Giving USA recently released its Annual Report on Philanthropy, and the numbers look promising with regard to fundraising from individual donors.
Of the estimated $390.05 billion contributed to U.S. charities in 2016, donations from individuals rose 4% over the previous year. This overall giving figure represents a 2.7% increase versus $379.89 billion in 2015.
Researched and written by the IU Lilly Family School of Philanthropy, Giving USA is the longest-running report of its kind.
The report looks at donations to nine major types of organizations from four donation sources: individuals, foundations, estates, and corporations. For just the sixth time in 40 years, giving to all nine categories increased.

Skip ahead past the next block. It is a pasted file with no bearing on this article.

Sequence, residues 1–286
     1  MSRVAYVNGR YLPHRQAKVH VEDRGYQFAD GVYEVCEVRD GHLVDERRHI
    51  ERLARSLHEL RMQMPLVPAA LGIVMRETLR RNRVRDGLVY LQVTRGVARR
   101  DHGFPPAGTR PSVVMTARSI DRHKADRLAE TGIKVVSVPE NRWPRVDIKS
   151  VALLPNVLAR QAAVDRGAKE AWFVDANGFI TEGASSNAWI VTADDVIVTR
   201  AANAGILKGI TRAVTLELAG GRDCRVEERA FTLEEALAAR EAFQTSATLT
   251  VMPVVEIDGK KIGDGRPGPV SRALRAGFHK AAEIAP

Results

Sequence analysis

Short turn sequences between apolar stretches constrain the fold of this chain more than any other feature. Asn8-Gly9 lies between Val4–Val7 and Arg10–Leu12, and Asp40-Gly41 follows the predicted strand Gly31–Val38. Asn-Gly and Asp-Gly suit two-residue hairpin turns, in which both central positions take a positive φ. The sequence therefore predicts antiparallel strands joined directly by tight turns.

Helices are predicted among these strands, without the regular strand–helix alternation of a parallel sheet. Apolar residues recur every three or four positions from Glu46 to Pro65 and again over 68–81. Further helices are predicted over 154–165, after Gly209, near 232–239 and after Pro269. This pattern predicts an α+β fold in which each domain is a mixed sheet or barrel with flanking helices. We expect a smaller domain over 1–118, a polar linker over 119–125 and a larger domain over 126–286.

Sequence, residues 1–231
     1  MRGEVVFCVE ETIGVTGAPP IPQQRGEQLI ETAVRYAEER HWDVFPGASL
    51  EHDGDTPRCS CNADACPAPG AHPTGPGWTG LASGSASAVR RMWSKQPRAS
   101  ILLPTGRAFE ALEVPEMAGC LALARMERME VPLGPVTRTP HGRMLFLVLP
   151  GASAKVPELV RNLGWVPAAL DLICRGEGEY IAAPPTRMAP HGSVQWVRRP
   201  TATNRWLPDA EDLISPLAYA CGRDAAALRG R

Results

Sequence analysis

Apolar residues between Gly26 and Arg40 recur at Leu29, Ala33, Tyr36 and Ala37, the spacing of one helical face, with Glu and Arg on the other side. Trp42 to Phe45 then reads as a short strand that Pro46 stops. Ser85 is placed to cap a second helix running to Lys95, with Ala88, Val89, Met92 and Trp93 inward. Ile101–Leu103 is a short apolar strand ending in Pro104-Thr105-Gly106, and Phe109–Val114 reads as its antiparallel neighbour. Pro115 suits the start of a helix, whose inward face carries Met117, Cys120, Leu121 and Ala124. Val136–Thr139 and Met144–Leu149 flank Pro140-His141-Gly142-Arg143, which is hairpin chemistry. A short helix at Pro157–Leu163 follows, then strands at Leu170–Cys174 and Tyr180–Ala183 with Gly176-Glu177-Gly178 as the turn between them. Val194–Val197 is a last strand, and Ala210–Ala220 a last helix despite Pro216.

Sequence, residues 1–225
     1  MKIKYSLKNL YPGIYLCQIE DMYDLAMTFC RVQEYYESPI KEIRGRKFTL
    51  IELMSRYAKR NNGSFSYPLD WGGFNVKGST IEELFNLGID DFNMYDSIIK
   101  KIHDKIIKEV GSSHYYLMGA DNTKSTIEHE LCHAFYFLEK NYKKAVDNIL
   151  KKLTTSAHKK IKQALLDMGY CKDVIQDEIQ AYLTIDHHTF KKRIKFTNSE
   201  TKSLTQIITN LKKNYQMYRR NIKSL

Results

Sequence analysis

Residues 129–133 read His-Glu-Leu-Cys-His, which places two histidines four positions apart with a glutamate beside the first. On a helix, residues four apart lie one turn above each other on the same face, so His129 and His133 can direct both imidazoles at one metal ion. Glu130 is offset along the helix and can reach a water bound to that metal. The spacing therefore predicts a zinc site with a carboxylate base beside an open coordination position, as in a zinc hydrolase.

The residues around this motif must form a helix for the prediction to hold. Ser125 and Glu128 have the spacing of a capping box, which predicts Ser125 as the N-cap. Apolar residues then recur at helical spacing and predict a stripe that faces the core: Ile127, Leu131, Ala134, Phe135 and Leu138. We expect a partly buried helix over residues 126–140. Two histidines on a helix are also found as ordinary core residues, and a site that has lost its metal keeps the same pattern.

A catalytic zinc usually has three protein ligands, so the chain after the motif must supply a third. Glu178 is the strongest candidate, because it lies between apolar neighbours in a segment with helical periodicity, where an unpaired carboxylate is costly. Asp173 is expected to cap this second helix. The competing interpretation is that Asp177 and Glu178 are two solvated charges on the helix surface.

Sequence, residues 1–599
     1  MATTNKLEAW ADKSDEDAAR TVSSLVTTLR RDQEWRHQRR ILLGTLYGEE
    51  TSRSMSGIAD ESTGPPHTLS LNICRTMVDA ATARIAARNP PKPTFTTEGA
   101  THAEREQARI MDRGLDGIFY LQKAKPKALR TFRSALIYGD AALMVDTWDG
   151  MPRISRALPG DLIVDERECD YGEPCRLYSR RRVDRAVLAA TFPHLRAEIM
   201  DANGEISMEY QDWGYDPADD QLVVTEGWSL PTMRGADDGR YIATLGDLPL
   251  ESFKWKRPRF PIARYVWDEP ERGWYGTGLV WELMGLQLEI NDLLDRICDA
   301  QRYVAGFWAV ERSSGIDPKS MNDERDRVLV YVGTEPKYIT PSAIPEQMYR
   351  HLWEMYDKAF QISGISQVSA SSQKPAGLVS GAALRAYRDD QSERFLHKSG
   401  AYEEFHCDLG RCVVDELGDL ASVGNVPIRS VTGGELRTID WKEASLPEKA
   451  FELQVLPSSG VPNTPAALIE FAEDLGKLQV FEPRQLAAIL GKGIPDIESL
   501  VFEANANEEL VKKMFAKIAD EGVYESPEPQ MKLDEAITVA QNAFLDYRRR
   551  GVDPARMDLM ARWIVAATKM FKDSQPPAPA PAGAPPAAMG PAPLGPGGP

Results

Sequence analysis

Individual donors showed the highest increase (3.9%) and represented 72% of all donations, for a total of $281.86 billion. This lends credence to the idea that micro-donations are a growing source of charitable gifts.
“This report tells us that Americans remained generous in 2016, despite it being a year punctuated by economic and political uncertainty,” said Aggie Sweeney, CFRE, chair of Giving USA Foundation and senior counsel at Campbell & Company. “We saw growth in every major sector, indicating the resilience of philanthropy and diverse motivations of donors.
Giving to religion and faith-based organizations totaled $122.94 billion, an increase of 3%. Faith-based giving accounts for the majority of overall donations (32%).
Giving USA 2017: The Annual Report on Philanthropy for the Year 2016, is a publication of Giving USA Foundation, 2017, researched and written by the Indiana University Lilly Family School of Philanthropy. Available online at www.givingusa.org.